Day Four: 05.04.05
The anticipation of seeing all of the wildlife in its natural habitat had me (and by default and design, TP) awake and out early. Girding our bellies with the "breakfast included," we filled up on coffee, juice, a plate of fruit (note: white pineapple is not as sweet as yellow), saturated pancakes, gallo pinto, eggs, and plantains. Eavesdropping on our neighbors (all American), we learned that to enter Manuel Antonio National Park, you had to cross a stream by foot. The rest of the breakfast conversation was spent on the flip-flops vs. sneakers debate. Soon-to-be-ratty sneakers won.

I got DEETed up, TP got SPFed up, we put on our long-sleeved shirts and (as Iman called them) long-sleeved pants, and we walked to the Park. Along the way, we were beset by tour guides (official and not-so-official) who wanted to lead us through the Park. We decided to wing it this day and if we felt we missed out on a lot, we'd hire one tomorrow; and so, we "manana"ed our way to the entrance. If not for the proof of Costa Rican citizenship requirement, I could have paid the locals' price ($2) instead of the foreigners' price ($7) as LB and I did in Cairo when Gojira secured our discounted bus fare by claiming we were Egyptian. From morning to noon, we hiked through, up, and down the Park. There was really no need for a tour guide because any time something interesting rustled along the trail, a glut of shutterbugs stopped, stared, and snapped their photos. One really doesn't need to keep an eye out for the wildlife so long as one keeps an eye out for the wildlife-lovers.

Even at the cusp of the rainy season, the rainforest was lush and dark. The first denizen to greet us was a three-toed sloth dangling in the trees. It was hypnotizing to watch how. Slowly. He. Moved. The sloth languorously lifted his hairy arm as though it was made of lead. His long, yellowed claws sluggishly appeared. Scratching himself took a good long five minutes and probably longer, but we had to move on. For a closer look at this smiling slacker, check out this picture. The huge and lazy sloth won TP's great admiration and yet, when I sprawl on the couch and scratch myself, I get reprimanded.

In sharp contrast, our next host was a collection of frenzied, frenetic white-faced capuchin monkeys. They leapt from limb to limb with aerial grace. They cleverly scraped and pounded on the coconuts to drink the water. They threw stuff at us. One cheeky monkey came down, nonchalantly strolled over to the beach area nearby where a girl had left her backpack, and tossing a quick glance over his shoulder at us, proceeded to grasp the backpack and open the zipper. With eyes in the back of his head, he sensed when the girl came forward to rescue her bag and he shot back up into the trees. If the bag were lighter, I have no doubt he would have taken off with it; as it was, the bag was half open. Color me impressed. Later, this dude got all up in my grill.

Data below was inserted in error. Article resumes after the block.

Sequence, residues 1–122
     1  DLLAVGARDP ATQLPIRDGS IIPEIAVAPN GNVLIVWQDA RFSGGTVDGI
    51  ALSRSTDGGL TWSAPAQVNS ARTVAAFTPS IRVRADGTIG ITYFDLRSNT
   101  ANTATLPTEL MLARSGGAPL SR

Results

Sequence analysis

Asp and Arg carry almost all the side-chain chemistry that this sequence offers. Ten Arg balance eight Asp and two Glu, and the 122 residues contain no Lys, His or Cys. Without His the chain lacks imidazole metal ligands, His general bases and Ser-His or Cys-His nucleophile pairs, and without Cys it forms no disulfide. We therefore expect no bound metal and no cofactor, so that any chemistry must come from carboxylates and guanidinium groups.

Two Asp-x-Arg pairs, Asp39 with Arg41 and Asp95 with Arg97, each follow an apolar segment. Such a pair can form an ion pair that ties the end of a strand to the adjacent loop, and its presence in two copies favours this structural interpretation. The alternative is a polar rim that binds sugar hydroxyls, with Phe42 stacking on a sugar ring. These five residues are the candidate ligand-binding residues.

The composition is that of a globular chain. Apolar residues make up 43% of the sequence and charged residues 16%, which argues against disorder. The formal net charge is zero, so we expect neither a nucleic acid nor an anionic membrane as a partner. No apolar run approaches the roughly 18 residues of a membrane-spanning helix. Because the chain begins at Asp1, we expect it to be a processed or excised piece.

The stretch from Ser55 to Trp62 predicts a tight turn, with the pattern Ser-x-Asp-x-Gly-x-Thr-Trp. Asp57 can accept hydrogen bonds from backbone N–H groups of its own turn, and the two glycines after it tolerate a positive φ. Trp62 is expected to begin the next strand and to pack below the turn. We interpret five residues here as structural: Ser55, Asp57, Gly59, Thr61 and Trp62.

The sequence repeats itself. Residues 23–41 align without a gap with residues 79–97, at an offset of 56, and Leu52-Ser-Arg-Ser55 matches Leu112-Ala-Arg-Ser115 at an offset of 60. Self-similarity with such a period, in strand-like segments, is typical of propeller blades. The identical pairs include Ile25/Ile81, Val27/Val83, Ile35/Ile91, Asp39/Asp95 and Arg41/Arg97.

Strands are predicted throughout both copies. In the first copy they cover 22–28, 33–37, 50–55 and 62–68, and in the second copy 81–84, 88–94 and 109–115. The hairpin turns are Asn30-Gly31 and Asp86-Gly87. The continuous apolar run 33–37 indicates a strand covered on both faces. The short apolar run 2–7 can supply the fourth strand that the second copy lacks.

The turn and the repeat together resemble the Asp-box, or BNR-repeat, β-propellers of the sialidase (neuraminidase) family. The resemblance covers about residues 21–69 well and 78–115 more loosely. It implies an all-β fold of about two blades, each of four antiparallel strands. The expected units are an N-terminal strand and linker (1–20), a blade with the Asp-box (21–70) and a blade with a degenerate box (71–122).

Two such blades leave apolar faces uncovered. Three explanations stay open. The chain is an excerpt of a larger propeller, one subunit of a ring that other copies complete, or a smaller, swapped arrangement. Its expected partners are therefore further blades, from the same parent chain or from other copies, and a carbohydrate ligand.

The flora became denser as we ventured further along the trail. Curiosity had TP picking up and tossing around one of the abundant small, round, green fruits that carpeted the ground until we came upon the placard about the Manzanillo tree that warned of the toxicity of the fruit and the poisonous sap which, upon contact, could cause swelling, blistering, burning, inflammation, and temporary blindness. Whoops. TP let go of his new toy, dashed off to the shore, and washed his hands immediately. At least he didn't suffer the consequences of getting too friendly with the Manzanillo tree like this guy did.

Everything seemed hushed and muted as we hiked over the damp leaves and soft earth. For that reason, the sharp scratching sounds that broke the muffled ambiance had us freeze in our tracks and look around for the great beasts that must have been making that racket. Eyes darting above and below, we tried to visually penetrate the foliage to determine what could have been making that quick, high noise. It wasn't until we came upon a fork in the trail that we realized what creatures were responsible: hundreds of red land crabs. Also known as the red land crab, these critters danced over the branches, hovered near their holes, and looked as though they had just come back from voting since one (sometimes two) of their claws was painted purple.

The hike took us up to the Punta Catedral Peninsula where we caught a much-desired breeze and had a fantastic view of the beach and bay below. Sitting on a rock, we tried to cool down and dry off but one step back into the rainforest had us sweating again. The film of sweat that coated my arms was like oil; I would wipe my arms from elbow to wrist, but my hands just slid down with no effect. Once I gave up trying to stay dry and accepted the moistness, I could focus on my surroundings more. Zippy chameleons, slow iguanas, industrious crabs, and hoppy nutria kept us company. The beautiful coves below provided wonderful resting grounds and were fairly uncrowded.

The forest was full of dangers and beauty. We didn't see any parrots or jungle cats, but we also didn't see any mosquitoes or fer-de-lances either. Gotta take the good with the bad. And sometimes the ugly.

Next up: the winner of this travelogue's coveted "Grossest Thing Ever" award.

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